JACKSON Morris Garner, a Jackson man who lives as a woman under the name Tracey Lynne Garner, will face murder charges in the death of an Atlanta woman.
The specific charge of depraved heart murder stems from Garner's role in allegedly injecting 37-year-old Karima Gordon with "a foreign and possible counterfeit substance during an illegal medical procedure," according to Mississippi Attorney General Jim Hood.
If convicted of depraved heart murder, defined as demonstrating "callous disregard for human life" and resulting in death, Garner could get life in prison.
Hood's office said Garner performed the procedure at his home in Jackson. Garner's arrest resulted from a six-month-long investigation by the Mississippi AG's office, Mississippi Board of Medical Licensure and the U.S. Food and Drug Administration.
“While this remains a murder case, our intellectual property task force is involved to also investigate the possibility that the substance injected into the victim was a counterfeit version of silicone,” Hood said in a statement.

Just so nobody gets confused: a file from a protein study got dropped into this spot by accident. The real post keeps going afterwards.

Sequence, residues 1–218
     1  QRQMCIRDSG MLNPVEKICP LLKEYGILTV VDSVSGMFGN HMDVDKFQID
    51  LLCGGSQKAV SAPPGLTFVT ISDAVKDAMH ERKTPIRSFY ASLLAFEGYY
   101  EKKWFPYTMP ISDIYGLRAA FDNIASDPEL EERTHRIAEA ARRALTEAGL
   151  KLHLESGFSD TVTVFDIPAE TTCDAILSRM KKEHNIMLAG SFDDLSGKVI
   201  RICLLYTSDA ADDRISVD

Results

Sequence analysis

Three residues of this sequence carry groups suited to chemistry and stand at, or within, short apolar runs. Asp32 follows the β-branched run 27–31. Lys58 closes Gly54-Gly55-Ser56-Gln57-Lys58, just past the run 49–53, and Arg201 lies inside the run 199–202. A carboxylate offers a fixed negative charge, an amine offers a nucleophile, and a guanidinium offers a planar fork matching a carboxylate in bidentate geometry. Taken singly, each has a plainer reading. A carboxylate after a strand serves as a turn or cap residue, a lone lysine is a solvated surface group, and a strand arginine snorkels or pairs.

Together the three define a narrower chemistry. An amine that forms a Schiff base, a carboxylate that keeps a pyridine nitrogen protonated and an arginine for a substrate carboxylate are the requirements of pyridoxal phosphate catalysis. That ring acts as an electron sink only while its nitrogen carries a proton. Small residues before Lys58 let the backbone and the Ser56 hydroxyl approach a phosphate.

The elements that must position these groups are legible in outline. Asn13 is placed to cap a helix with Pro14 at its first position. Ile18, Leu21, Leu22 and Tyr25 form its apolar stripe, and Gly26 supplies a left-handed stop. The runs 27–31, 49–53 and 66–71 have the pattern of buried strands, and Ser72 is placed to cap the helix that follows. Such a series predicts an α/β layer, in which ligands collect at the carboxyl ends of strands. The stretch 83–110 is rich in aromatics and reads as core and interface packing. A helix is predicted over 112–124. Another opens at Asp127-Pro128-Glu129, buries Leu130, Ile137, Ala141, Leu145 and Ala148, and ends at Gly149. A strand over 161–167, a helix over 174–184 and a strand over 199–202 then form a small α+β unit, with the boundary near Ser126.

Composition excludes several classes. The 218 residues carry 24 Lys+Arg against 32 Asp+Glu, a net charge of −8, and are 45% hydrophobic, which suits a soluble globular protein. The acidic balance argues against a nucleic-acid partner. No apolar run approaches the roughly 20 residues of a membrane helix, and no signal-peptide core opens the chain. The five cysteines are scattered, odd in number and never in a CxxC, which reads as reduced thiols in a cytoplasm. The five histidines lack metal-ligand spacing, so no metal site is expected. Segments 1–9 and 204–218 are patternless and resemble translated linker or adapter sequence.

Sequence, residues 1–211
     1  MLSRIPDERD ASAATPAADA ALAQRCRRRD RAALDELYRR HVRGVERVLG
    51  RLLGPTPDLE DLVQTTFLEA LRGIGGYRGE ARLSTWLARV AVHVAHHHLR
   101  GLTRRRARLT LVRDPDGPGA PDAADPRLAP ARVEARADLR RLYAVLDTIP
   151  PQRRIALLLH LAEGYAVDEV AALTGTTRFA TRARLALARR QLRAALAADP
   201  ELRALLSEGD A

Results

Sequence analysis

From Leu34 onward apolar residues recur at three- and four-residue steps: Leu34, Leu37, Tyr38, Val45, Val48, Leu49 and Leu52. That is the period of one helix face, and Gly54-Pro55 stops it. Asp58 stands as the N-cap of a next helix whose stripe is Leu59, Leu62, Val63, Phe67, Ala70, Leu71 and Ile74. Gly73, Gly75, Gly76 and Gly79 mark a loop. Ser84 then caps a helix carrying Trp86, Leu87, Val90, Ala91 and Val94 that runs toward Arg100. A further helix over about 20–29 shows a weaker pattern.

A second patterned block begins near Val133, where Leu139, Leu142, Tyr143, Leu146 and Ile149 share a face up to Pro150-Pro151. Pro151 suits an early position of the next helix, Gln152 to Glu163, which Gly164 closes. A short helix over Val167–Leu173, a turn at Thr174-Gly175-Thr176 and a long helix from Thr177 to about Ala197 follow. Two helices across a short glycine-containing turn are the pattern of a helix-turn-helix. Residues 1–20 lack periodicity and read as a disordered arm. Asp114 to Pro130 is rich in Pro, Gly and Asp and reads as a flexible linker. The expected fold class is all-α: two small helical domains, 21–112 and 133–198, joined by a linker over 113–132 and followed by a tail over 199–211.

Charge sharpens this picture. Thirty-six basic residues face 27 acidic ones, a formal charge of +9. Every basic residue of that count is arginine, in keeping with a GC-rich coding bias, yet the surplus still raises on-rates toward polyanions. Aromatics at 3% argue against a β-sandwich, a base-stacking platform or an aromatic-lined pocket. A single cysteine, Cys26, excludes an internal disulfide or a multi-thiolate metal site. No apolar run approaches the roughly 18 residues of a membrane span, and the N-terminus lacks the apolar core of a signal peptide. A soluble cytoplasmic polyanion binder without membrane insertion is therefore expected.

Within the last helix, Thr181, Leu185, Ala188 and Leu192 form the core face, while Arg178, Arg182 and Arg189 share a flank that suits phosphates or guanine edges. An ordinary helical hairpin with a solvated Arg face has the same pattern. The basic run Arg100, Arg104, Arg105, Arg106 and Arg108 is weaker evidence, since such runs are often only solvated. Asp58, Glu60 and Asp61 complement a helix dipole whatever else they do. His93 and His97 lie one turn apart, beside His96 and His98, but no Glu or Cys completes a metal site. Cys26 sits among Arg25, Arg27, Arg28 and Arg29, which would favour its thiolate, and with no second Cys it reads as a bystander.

The Associated Press reported that Hinds County Judge Melvin Priester denied bond after a hearing Tuesday afternoon. Garner was arrested Sept. 6, according to jail records.
After the hearing, Garner's lawyer, John Colette, said he was "shocked" by the seriousness of the charge and the fact that his client was held without bond. He denied his client is guilty of depraved-heart murder.
Garner said during court that he is 53-years-old and worked as a floral and interior designer. He wore a yellow prison jumpsuit and shackles, and his hair was in a short ponytail.
Colette said Garner had undergone operations to change gender. Hood referred to Garner as a man, and Garner was booked into the Hinds County jail as a man.
Hood said that Gordon, who had served in the military and wanted to become a model, found Garner after meeting someone on the Internet known to authorities only as "Pebbles." Gordon met Pebbles in person in New York City and paid her $200 for the referral to Garner, according to Hood.
Hood said his investigators were looking for Pebbles.
The Associated Press found a Twitter account in Gordon's name from which only one message had been sent, and it was to a Pebbelz Da Model in December. The Twitter account of Pebbelz Da Model had a link to an website by the same name.
Pebblelz's YouTube page also has more than 1.7 million page views. However, Hood's office had no comment on whether Pebbelz Da Model is the same person his investigators were looking for.
"We've had people practicing medicine without a license, but nothing like this," Hood said.
The Associated Press contributed to this story.